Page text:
Today, January 25, Mayor Bowser will announce that the District and other American cities will sign on to the Milan Urban Food Policy Pact (MUFPP), a cooperative international agreement to improve food and sustainability in cities all over the world. Mayor Bowser will sign on to the Pact to “build a more sustainable and equitable food system, shaping future patterns of food production and consumption in the District and America.”
Learn more: Milan Urban Food Policy Pact
The Hootie 1.0 Indoor Aquaponic System was able to grow a string bean with only about 100 grams of ornamental goldfish powering the train.
This string bean was just a test to see if we could grow a decent fruiting vegetable with this 29-gallon system. (Fruiting plants like string beans require more nutrients and are generally harder to grow well). Ultimately, this system is best suited to grow seven or eight quick-growing herbs and lettuces at a time because of the small-ish fish tank and wide media growbed.
We were happy to see that – despite its diminutive size – it was a crunchy and tasty little bean!
The Hootie 2.0 Indoor Aquaponic System is equipped with lighting and improved water circulation. Once that system gets to decent fish capacity maybe we’ll try another fruiting veggie… any requests?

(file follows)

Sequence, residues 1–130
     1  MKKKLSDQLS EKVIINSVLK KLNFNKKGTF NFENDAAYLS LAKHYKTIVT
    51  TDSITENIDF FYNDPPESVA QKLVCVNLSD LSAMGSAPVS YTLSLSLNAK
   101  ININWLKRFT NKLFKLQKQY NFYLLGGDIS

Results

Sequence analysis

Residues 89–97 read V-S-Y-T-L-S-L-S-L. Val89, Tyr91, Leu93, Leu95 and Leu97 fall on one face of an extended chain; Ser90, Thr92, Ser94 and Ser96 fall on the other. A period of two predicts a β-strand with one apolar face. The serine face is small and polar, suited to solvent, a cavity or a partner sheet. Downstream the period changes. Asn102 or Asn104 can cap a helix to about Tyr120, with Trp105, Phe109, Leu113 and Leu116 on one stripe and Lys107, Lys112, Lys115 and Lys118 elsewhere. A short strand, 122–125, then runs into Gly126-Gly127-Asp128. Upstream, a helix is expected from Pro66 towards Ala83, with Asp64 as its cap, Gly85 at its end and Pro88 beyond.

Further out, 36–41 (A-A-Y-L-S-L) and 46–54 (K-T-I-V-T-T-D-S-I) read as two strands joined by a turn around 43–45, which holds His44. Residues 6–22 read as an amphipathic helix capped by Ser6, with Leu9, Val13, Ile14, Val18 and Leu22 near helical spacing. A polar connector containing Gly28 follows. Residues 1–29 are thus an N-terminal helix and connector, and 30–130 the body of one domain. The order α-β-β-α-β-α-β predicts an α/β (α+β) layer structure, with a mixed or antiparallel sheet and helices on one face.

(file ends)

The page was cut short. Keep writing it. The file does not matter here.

Check out the Putting Down Roots Schedule, for the 2017 National Aquaponics Association Conference.
October 21 – 28 is Food Recovery Week in Washington, DC. Check out a full list of events at dcfoodrecovery.org.
Anacostia Aquaponics is hosting two events in conjunction.
Backyard Aquaponic Fish Harvest, Clean & Cook
October 26, 5:30 – 7:30pm
Worms and Coffee
October 28, 9:00 – 11:30am
OK, vermicomposting makes sense, but what does a fish harvest have to do with food waste & recovery?
In honor of DC food recovery week we are going to bokashi compost the fish guts. The fish guts and skeletons are extremely rich with nutrients that plants need. There is no reason to send these nutrients hundreds of miles to a landfill to rot. Instead, we can use compost methods to transform and re-use these nutrients right here in our own city. (and on a large scale this will create many JOBS).
Aquaponics can also stem the problem of food waste by providing vegetables to urban and arid areas without crop spoilage during transport.